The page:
Warts occur commonly in humans. Destructive modalities are generally the first physician-administered therapy. Other treatment options include immunotherapy. Intralesional immunotherapy using mumps, Candida, or Trichophyton skin test antigens has proved efficacy in the treatment of warts.
To determine rates of wart resolution in response to injection of antigen alone, antigen plus interferon alfa-2b, interferon alfa-2b alone, and normal saline; and to compare response according to viral type, major histocompatibility complex antigens, and peripheral blood mononuclear cell proliferation to autologous human papillomavirus antigen before and after injection.
Randomized, single-blinded, placebo-controlled, clinical trial.
Medical school–based dermatology department.
Two hundred thirty-three patients clinically diagnosed as having 1 or more warts.
Main Outcome Measure
Clinical resolution of warts in response to intralesional immunotherapy.
Responders were observed in all treatment arms, but were significantly more likely to have received antigen (P<.001). Resolution of distant untreated warts was observed, and was significantly more likely in subjects receiving antigen (P<.001). Interferon did not significantly enhance the response rate (P = .20) and did not differ from normal saline (P = .65). No viral type or major histocompatibility complex antigen correlated with response or lack of response (P>.99 and P = .86, respectively). A positive peripheral blood mononuclear cell proliferation assay result (2 times pretreatment levels) was significantly more likely among responders (P = .002). While there was no significant difference in response based on sex (P = .56), older subjects (>40 years) were less likely to respond (P = .01).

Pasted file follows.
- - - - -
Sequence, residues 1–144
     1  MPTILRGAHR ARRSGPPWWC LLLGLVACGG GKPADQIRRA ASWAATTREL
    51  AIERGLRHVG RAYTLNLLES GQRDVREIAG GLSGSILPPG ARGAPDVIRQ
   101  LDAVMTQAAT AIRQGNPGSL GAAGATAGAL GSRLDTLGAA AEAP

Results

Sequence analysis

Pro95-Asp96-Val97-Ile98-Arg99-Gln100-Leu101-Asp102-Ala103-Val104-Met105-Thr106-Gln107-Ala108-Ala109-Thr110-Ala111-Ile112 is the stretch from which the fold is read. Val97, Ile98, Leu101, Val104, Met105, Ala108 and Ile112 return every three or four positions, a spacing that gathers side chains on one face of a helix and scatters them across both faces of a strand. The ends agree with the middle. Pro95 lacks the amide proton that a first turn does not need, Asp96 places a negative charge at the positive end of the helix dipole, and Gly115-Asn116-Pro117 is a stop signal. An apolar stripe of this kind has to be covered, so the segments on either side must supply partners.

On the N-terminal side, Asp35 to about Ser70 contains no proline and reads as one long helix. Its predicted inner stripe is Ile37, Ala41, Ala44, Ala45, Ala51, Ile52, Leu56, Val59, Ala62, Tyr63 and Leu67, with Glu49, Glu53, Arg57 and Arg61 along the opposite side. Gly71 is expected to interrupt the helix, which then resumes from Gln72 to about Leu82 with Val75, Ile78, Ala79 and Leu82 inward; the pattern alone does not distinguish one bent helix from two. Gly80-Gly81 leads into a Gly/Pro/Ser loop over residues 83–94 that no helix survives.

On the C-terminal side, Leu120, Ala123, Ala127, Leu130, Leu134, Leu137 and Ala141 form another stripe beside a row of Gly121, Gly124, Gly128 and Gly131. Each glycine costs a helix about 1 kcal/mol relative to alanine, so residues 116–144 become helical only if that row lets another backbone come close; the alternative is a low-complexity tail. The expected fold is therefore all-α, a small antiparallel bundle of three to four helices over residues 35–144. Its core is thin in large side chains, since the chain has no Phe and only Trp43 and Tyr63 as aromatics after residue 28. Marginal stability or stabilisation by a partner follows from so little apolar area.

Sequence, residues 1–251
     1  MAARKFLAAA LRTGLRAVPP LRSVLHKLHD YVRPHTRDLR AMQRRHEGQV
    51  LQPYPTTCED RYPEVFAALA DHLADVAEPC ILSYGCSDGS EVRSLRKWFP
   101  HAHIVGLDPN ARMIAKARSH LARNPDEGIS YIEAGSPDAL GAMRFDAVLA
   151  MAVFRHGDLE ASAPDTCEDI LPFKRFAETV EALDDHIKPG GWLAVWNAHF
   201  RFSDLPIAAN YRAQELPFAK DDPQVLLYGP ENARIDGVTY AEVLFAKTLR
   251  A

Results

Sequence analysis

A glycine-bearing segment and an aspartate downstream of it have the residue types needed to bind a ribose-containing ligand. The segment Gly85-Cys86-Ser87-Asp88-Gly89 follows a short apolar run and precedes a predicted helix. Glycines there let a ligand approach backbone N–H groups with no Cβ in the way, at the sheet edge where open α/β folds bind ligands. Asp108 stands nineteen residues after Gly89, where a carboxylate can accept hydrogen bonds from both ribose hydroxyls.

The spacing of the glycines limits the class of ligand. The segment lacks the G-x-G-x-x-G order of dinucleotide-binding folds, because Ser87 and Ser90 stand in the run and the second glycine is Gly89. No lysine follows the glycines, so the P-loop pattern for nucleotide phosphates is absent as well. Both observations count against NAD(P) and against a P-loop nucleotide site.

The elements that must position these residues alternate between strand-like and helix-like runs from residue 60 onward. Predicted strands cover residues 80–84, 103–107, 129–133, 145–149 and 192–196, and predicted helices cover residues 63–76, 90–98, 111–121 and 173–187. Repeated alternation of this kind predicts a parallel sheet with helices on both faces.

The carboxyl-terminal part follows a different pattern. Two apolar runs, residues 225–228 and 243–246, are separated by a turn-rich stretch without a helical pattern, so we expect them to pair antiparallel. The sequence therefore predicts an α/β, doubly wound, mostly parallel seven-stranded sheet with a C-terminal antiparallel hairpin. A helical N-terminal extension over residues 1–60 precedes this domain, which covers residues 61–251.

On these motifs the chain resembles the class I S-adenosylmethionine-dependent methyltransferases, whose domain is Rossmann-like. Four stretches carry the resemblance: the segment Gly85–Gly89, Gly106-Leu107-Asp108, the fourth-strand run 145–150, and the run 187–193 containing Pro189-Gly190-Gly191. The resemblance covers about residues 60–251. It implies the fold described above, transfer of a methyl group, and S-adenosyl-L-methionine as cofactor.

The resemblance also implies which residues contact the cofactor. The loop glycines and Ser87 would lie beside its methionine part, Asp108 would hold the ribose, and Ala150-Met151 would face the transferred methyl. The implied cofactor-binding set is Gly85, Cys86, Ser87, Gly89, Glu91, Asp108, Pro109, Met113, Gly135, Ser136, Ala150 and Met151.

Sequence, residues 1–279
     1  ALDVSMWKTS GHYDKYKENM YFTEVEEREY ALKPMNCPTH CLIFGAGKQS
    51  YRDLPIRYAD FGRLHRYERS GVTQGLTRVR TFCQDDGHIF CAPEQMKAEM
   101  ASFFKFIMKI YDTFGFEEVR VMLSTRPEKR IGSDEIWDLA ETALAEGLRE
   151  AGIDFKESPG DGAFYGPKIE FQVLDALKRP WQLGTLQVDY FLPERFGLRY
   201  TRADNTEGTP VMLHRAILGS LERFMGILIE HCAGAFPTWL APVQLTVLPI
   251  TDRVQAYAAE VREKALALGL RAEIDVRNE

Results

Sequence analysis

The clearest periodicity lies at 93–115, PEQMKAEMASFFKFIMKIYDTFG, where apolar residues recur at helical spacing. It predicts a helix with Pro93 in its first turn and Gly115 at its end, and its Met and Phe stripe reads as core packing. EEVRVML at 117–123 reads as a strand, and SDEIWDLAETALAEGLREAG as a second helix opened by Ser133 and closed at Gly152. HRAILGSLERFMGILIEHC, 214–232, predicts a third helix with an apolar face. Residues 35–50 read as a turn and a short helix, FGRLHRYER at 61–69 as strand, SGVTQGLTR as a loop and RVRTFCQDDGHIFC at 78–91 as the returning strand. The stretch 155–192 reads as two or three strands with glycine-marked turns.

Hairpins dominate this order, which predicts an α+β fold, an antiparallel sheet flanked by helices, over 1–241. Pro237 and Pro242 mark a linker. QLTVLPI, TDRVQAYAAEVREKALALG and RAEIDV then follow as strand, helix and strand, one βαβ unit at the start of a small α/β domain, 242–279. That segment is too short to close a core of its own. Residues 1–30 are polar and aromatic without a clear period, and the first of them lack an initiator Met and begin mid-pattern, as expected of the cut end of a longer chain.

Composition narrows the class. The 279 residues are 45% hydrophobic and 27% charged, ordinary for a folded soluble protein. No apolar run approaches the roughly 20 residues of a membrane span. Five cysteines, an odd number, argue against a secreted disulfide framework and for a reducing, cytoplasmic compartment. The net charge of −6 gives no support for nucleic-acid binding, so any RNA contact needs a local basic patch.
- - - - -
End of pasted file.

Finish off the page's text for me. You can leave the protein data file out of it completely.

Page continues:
Intralesional immunotherapy using injection of Candida, mumps, or Trichophyton skin test antigens is an effective treatment for warts, as indicated by significantly higher response rates and distant response rates in subjects receiving antigen. Viral type and major histocompatibility complex antigens did not seem to influence treatment response. Response is accompanied by proliferation of peripheral blood mononuclear cells to human papillomavirus antigens, suggesting that a human papillomavirus–directed cell-mediated immune response plays a role in wart resolution.